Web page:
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Smooth Infinitesimal Analysis, or Automatic Differentiation with higher infinitesimals

Haskell CI


A technique of automatic differentiation (AD) is in wide use in the realm of scientific computation and machine learning. One prominent implementation of AD in Haskell is Edward Kmett's ad package.

One method to implement AD is the forward mode, using the notion of dual numbers, $\mathbb{R}[\varepsilon] \cong \mathbb{R}[X]/X^2$. Theoretically, the ring of dual numbers could be regarded as an example of $C^\infty$-rings, or more specifically Weil algebras, which are used in the area called Smooth Infinitesimal Analysis (SIA) and Synthetic Differential Geometry (SDG). Weil algebras could be regarded as a real line with additional (higher) infinitesimal structures, in the sense we can regard $\mathcal{R}[\epsilon]$ as real line augmented with nilpotent infinitesimal of order two. Weil algebras allow much more abundance of such infinitesimals; for example, we can consider nilpotent infinitesimals of order three, or mutually nilpotent infinitesimals, and so on.

In this package, we will explore the possibility to extend ADs with higher infinitesimals exploiting Weil algebra structure.


How to Play with?

First, you need to setup Haskell environment.

There are two options:

Using Local Environment

Although you can use cabal-install, we recommend to use stack as it is the tool we use officially to develop this project.

First, compile all the dependencies once:

$ cd smooth
$ stack build

Then, you have two options to play with: REPL and HLS.

Playing with REPL

If you want to run the examples in app/Main.hs, you can specify the target explicitly by:

$ stack ghci smooth:exe:smooth-exe

If you want to play directly with library, you can invoke:

$ stack ghci smooth:exe:smooth-exe --no-load

Then import and feed whatever you want:

>>> import Numeric.Algebra.Smooth
>>> import Numeric.Algebra.Smooth.Weil

-- Setting needed extensions:
>>> :set -Wno-type-defaults -XDataKinds -XPolyKinds -XGADTs -XTypeOperators
>>> :set -XRankNTypes -XFlexibleContexts

>>> diffUpTo 5 (\x -> sin (x/2) * exp (x^2)) (pi/4)
fromList [(0,0.7091438342369428),(1,1.9699328611326816),(2,5.679986037666626),(3,19.85501973096302),(4,73.3133870997595),(5,299.9934189752827)]

>>> sin (pi/3 + di 0) * exp (pi/6 + di 1) :: Weil (DOrder 2 |*| DOrder 3) Double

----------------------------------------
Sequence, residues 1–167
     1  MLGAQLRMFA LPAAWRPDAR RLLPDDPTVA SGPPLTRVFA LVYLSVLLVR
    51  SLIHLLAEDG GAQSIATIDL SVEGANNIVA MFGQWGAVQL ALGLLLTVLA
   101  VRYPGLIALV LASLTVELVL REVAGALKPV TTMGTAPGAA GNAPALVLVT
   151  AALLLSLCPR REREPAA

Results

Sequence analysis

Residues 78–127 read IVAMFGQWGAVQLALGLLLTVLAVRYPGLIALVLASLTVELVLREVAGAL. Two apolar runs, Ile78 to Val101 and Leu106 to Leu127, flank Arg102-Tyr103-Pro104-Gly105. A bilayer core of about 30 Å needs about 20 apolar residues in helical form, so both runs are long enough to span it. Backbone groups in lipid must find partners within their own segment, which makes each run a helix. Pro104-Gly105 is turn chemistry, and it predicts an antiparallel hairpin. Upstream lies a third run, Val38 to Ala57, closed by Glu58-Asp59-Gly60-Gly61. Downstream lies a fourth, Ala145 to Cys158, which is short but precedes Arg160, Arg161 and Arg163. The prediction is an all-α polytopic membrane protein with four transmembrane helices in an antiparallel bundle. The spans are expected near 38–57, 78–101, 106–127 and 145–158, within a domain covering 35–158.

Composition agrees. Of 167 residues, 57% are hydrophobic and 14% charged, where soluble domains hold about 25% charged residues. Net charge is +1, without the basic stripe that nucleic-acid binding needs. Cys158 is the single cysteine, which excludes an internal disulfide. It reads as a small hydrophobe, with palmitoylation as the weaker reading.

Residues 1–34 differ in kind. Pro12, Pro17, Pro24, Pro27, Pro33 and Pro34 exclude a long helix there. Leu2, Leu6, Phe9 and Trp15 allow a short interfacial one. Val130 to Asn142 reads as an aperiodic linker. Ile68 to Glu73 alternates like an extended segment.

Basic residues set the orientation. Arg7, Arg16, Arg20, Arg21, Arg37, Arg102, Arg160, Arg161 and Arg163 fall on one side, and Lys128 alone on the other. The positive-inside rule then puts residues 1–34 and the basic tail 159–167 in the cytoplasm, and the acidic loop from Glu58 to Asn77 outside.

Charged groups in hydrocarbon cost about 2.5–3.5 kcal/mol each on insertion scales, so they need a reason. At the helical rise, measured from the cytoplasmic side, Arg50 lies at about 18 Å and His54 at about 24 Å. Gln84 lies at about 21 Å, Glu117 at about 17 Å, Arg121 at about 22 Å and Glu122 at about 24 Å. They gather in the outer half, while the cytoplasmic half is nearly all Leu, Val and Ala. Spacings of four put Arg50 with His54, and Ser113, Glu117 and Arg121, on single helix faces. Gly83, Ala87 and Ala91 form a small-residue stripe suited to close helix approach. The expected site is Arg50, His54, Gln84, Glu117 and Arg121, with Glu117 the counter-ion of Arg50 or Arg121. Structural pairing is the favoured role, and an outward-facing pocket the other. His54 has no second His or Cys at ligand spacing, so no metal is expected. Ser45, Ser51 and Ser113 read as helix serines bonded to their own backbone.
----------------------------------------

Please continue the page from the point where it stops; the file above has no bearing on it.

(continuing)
0.42202294874111723 d(0) d(1)^2 + 0.8440458974822345 d(0) d(1) 
  + 0.7309651891796508 d(1)^2 + 0.8440458974822345 d(0)
  + 1.4619303783593016 d(1)   + 1.4619303783593016

-- Computing with general Weil algebra
>>> :m +Algebra.Ring.Polynomial Algebra.Ring.Ideal 
>>> import qualified Algebra.Prelude.Core as AP
>>> let [x,y] = vars :: [Polynomial AP.Rational 2]
>>> let theIdeal = toIdeal [x^3 - 2 * y^2, y^3, x^2*y]
>>> withWeil (toIdeal [x  ^ 3 - 2 * y^2, y^3, x^2*y]) (sin (pi/3 + di 0) * exp (pi/6 + di 1))
Just (0.5438504802710591*X_0*X_1^2 - 0.7309651891796508*X_0^2 + 0.8440458974822345*X_0*X_1 + 0.44961655668557265*X_1^2 + 0.8440458974822345*X_0 + 1.4619303783593016*X_1 + 1.4619303783593016)

Playing with Haskell Language Server

If you use LSP-supported editors, you can use haskell-language-server's Eval plugin. It allows you to evaluate repl lines (comment string starting with >>>) embedded in Haskell code. Due to the GHC's bug, it might fail with GHC >= 8.10.3, 8.10.4; so I recommend you to use GHC 8.10.5. (If you don't get the meaning of this instruction, we recommend to use REPL.)

Playing with Jupyter Notebook

There are two options:

Running Jupyter Locally

You first have to install jupyter:

$ pip install jupyter

Then within smooth directory, you must install all dependencies and packages explicitly:

$ stack build ihaskell ihaskell-blaze smooth symbolic

If this is the first time to use IHaskell backend with Jupyter Notebook, you have to install Haskell kernel into jupyter with Stack support:

$ stack exec -- ihaskell --stack install

Then in the top-level directory of smooth, you can invoke jupyter:

$ jupyter notebook # or: jupyter lab

Browse to notebooks directory and open demote.ipynb in Jupyter. You can now edit/evaluate something as you like. Enjoy!

Jupyter With Docker

We are providing the docker image containing the library and Jupyter Notebooks to play with: konn/smooth-jupyter. It contains all the dependencies and Jupyter Notebook environment to play with.

You can run the following to download the appropriate docker image and run Jupyter Lab server in the isolated container:

$ docker run --rm -p 8888:8888 konn/smooth-jupyter:latest

Open in the browse and open notebooks/demo.ipynb to play with. You can now evaluate cells in a top-down manner, re-edit cells, re-evaluate it, etc.


Exploring connections between automatic differentiation and smooth infinitesimal analysis, or smooth algebras







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